Betsy DeVos’ New Title IX Guidelines Give More Grief to Noncitizen Survivors

Education Secretary Betsy DeVos unveiled her final new Title IX guidelines Wednesday, adding more barriers to justice for already vulnerable noncitizen survivors of sexual assault.

U.S. Secretary of Education Betsy DeVos speaking at the 2018 Conservative Political Action Conference (CPAC) in National Harbor, Maryland. (Photo/Gage Skidmore)

By Athiyah Azeem

SILVER SPRING, MD — Education Secretary Betsy DeVos unveiled her final new Title IX guidelines Wednesday, adding more barriers to justice for already vulnerable noncitizen survivors of sexual assault.

These guidelines to the federal statute governing sexual misconduct on campuses would give more protections to those accused of sexual assault. They would be presumed innocent throughout trial and given the right to view all evidence against them.

It also narrows the definition of sexual assault to “unwelcome conduct determined by a reasonable person to be so severe, pervasive, and objectively offensive that it effectively denies a person equal access to the recipient’s education program or activity.”

By contrast, the Obama era definition was kept broad, as an “unwelcome conduct of a sexual nature.”

Colleges and schools K-12 can also be only held accountable if they handled sexual assault reports with “deliberate indifference.”

The changes will take effect August 14.

“If this rule goes into effect, survivors will be denied their civil rights and will get the message loud and clear that there is no point in reporting assault,” said Fatima Goss Graves, president and CEO of the National Women’s Law Center. The Center announced it will be taking these new guidelines to court.

“We are also concerned about the impact on noncitizen students,” Lisae Jordan Esq., Executive Director of the Maryland Coalition Against Sexual Assault told The Immigrant’s Bay. 

She believes while the new Title IX regulations will affect students across the board, “noncitizen students are often at higher risk of violence and more reluctant to report.”

“Often perpetrators will use a survivor’s legal status as a way of exerting power and control and make a survivor more likely to be victimized,” said Meredith Varsanyi, a Training Program Coordinator at MCASA. She spoke at the University of Maryland’s annual Sexual Assault and Vulnerable Populations (SAVP) webinar on Wednesday.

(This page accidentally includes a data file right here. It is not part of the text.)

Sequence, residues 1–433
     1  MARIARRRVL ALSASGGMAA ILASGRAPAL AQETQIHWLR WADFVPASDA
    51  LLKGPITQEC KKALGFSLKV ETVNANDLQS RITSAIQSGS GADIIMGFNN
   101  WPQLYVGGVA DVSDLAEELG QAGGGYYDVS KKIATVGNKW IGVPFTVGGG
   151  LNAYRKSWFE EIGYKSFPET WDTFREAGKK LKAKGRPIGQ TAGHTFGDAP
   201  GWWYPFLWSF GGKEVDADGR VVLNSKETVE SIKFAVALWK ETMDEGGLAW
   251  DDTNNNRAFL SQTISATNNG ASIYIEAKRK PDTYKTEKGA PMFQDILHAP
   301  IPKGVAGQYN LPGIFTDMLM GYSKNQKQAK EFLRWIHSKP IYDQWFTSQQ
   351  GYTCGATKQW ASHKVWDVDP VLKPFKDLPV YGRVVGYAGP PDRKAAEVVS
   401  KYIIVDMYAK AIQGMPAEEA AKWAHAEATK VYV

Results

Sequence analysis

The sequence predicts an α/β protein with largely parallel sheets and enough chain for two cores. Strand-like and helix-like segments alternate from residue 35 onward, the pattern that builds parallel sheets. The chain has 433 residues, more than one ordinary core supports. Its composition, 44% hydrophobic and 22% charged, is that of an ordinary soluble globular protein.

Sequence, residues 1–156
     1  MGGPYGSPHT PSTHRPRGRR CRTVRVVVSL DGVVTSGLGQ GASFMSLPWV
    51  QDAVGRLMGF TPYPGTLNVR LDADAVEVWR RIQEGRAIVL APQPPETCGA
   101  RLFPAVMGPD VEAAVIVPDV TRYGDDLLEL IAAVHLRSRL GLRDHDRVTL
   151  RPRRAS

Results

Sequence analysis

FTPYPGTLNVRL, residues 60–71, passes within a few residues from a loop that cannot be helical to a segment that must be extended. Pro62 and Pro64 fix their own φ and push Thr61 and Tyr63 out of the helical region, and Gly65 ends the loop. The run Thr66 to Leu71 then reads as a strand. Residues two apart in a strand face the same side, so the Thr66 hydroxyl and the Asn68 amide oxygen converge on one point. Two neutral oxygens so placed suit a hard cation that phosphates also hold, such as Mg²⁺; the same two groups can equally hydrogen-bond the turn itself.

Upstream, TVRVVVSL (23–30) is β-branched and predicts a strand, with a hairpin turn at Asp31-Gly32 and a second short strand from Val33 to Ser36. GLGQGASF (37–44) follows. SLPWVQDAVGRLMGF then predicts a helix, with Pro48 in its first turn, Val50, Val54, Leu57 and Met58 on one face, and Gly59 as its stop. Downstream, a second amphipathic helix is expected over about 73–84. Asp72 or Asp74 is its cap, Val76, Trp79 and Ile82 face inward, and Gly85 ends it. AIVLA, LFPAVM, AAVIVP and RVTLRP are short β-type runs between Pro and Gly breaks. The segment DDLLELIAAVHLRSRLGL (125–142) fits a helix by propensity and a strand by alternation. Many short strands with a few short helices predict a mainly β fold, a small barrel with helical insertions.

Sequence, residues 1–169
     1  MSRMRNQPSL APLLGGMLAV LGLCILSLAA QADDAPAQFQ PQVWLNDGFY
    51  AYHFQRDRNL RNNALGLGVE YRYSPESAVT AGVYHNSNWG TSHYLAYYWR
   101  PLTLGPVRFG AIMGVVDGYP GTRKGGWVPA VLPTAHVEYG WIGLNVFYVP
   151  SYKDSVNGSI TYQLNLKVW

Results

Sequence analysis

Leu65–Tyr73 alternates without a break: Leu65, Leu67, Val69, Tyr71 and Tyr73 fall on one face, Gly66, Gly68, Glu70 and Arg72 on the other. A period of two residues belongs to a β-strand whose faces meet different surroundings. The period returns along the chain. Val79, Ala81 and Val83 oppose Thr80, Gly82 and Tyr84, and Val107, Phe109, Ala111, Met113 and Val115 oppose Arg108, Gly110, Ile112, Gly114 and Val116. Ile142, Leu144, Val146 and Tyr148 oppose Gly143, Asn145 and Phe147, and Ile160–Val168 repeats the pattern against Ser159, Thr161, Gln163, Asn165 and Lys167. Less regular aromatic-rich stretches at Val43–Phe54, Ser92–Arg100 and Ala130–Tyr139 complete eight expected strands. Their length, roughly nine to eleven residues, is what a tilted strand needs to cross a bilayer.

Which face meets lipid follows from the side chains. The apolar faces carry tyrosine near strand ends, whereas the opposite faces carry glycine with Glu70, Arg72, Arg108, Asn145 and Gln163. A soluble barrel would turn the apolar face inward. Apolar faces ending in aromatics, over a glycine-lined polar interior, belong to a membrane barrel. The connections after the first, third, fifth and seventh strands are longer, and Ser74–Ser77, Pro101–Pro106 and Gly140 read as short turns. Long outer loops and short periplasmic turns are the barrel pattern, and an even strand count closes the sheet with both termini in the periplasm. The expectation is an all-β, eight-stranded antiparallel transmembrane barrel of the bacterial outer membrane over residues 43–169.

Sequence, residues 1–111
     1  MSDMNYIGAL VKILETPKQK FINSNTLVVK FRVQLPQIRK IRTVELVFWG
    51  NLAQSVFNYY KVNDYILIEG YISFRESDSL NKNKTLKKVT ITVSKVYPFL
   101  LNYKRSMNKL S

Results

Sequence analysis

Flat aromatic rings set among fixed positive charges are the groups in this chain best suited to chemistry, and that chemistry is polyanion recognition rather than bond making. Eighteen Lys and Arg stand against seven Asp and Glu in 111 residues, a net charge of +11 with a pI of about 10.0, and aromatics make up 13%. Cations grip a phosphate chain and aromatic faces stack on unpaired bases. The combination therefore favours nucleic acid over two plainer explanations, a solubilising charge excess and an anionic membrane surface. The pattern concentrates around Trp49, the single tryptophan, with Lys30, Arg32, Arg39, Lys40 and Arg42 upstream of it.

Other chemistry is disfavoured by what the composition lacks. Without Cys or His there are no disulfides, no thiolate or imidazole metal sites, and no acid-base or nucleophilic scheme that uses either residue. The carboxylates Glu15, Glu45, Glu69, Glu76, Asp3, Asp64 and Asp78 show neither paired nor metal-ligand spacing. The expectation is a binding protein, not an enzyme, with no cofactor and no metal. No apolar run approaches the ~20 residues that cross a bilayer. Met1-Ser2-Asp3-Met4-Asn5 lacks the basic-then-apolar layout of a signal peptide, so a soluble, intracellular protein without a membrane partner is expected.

Varsanyi states undocumented students and U.S. citizens of undocumented parents are also confused on how confidential their sexual assault report would be, and “what may put them in danger of being deported.”

International students would also have to tough through the process on their own, far from home. They may also be reluctant to report, if they are in the U.S. for only one semester or graduating soon. 

According to Andrea Finuccio, Staff Attorney at MCASA’s Sexual Assault Legal Institute (SALI), there are special visa options available for foreign survivors of sexual assault — as long as they cooperate with the police. 

The U nonimmigrant visa, commonly known as the U visa, was created alongside the Victims of Trafficking and Violence Protection Act of 2009. It grants a three-year stay with work authorization to noncitizen victims of violent crime, provided they aid the police in a criminal investigation.

After three years, U visa holders can apply for a green card. Similarly, there is a T nonimmigrant status, or T visa, that is specifically given to victims of human trafficking.

Undocumented survivors can file for a waiver of inadmissibility, essentially apologizing for their status. They are then able to apply for a U or T visa. An undocumented parent of a U.S. citizen can do the same, as long as they can prove they are cooperating.

But to even obtain an U visa is another question. 

According to Women’s Law, as of January 2018, the U.S. Citizenship and Immigration Services is reviewing applications filed in August of 2014. USCIS only grants 10,000 U visa applications a year, so now there is a backlog of almost 240,000 pending U visa applications, with a wait time of up to five years.

“I do not think they anticipated the amount of people that would be applying for the U Visa,” Finuccio told attendees of the SAVP webinar. When the visa was first introduced in 2009, USCIS received about 11,000 applications from foreign-based U.S. consulates. Now, according to USCIS U visa statistics, there were almost 59,000 applications made in 2019 alone.

While U visa applicants have a path to citizenship, it can take up to 13 years before they can apply for citizenship.

Before the current administration, work permits would be given to applicants before their U visa came. Now, work permits come jointly with the visa, but according to Finuccio, applicants may receive delays between receiving both, “which is a problem that doesn’t allow people to work and make a living, in a way that people see as legally valid.”

Alternatively, women sexual assault survivors of U.S. citizen or permanent resident relatives can self-petition for a green card under the Violence Against Women Act (VAWA). There is no known wait list for VAWA, and is approved within six months to two years.

SALI provides legal aid to noncitizen sexual assault survivors, and helps them apply for VAWA self-petitions, U or T visas.